Poets take to the slopes in Running Springs, Calif.

Madison White

EDITOR-IN-CHIEF

Madison White /  Quaker Campus

Madison White / Quaker Campus

There are very few places in the world where you can see a snowboard and a surfboard strapped to the same car. However, Running Springs, Calif. is definitely one of them. Running Springs, a sleepy little town at the base of Big Bear Mountain, boasts an impressive winter sports scene, so the Quaker Campus ventured to the Snow Valley Mountain Resort to check it out.

Staff Writer and third-year Sophie Harper and I would consider ourselves novices — her at skiing and me at snowboarding. Harper grew up in snowy Spokane, Wash., going skiing with her family frequently until around the time she was in middle school; I grew up in the middle of the desert, but I started snowboarding in middle school and sporadically continued into high school. Needless to say, we were bad, but there was some solidarity balanced in our badness. 

The drive from Whittier to Running Springs was about an hour and a half on the weekend, up a beautiful and scenic mountain into the remote stretches of a woodsy, winter-y wonderland, still hanging tight even as wildflowers on the side of the road signaled the start of spring. As Snow Valley’s name would suggest, there was plenty of snow on the ground and something fun to do for all skill levels.

Our lift passes and rentals were provided for free by Snow Valley. However, they offer day passes, season passes, and full rental services for skiing, snowboarding, and snow play sledding. If our trip had not been comped, it would have been $37 each for equipment rentals and $69 for an all-day lift ticket. It is definitely not the most budget-friendly day trip, but, compared to other ski resorts in the area, Snow Valley comes out the cheapest. Big Bear Mountain Resort’s day passes are around $87 for a lift ticket and at least $40 in rentals. As we wrap up the winter sport season, many resorts are offering discounted season passes and specials for one-time visits.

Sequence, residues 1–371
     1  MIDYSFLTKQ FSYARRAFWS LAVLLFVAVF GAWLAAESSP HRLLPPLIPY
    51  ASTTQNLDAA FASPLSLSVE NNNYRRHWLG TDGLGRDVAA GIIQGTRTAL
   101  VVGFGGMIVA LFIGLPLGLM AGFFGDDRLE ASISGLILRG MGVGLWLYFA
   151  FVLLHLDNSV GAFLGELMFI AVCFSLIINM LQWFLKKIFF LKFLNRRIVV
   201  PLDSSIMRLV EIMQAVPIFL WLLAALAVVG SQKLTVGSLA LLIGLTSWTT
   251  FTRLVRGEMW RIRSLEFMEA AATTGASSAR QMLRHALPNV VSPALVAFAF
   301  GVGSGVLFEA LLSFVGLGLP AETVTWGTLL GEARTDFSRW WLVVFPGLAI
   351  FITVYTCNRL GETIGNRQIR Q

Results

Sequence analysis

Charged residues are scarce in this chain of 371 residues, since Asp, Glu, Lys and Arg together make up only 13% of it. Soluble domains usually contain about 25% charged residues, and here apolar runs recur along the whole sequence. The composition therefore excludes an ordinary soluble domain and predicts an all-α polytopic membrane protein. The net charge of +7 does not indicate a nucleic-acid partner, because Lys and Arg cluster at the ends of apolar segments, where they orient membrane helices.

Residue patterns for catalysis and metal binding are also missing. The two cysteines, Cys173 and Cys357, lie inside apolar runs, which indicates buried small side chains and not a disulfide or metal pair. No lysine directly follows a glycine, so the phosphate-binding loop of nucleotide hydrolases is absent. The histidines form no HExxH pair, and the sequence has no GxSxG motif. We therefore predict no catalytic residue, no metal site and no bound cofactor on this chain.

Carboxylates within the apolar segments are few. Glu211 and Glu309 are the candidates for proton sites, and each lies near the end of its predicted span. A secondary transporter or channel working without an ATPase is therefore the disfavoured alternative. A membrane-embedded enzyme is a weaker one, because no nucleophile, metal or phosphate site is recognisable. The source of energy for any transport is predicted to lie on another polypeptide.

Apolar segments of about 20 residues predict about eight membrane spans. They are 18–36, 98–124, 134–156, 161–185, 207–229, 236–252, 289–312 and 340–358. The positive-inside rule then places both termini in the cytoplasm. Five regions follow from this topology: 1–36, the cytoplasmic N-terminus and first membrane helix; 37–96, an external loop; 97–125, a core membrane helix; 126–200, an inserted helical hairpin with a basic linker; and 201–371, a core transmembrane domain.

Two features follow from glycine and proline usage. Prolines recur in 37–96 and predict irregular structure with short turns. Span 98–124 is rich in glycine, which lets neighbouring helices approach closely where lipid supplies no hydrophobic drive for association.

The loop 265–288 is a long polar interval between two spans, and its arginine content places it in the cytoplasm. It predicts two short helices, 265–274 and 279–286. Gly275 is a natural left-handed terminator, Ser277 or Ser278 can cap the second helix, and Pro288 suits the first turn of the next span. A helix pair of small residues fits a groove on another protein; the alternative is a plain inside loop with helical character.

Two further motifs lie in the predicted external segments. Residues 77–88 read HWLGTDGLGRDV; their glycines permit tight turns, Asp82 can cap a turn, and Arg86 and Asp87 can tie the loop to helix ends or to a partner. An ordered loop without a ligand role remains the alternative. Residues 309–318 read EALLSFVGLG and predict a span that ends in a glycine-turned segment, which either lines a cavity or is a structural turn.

After we got our rentals, strapped into our boards, and posed for a couple quick Instagram photos, we shuffled over to the slopes. One of the activities I remember dreading about snowboarding when I was younger was getting off of the ski lift. The heights, the rush to get off and out of the way, and the one-foot-in one-foot-out of board bindings always made me nervous. Despite being older and cooler, I struggled to get off the lift more than anything else all day. Lucky for me, Snow Valley has 14 excellent ski lifts across their two-mountain terrain, so I had lots of different kinds of nerve-wracking scenery to choose from. 

There are 11 areas marked black diamond, or most difficult, and three marked double black diamond, experts only. I did not even dare look at the black diamond trails out of fear that I might break my neck, but, for the more experienced adrenaline junkies, Snow Valley has got you covered. We stayed on the beginner and intermediate trails, which the more difficult slopes feed into near the base of the hill. I found it fun and challenging, though there were actual toddlers going down the same slopes as us, so you will have to choose your own adventure there.

If you are planning a trip any time soon, be sure to dress in warm, water-proof, but easily removable layers. I must have fallen at least four times each trip down the mountain, so snow pants were a must for me. It is about 20 degrees colder in Running Springs than in Whittier, but we got hot from carrying our equipment and actually skiing. 

We were too sore to attempt the two-in-one mountain/beach combo California is so famous for, but, according to Google Maps, Santa Monica is the nearest beach at only two hours away, should you feel like sporting your brand new bruises in a bathing suit.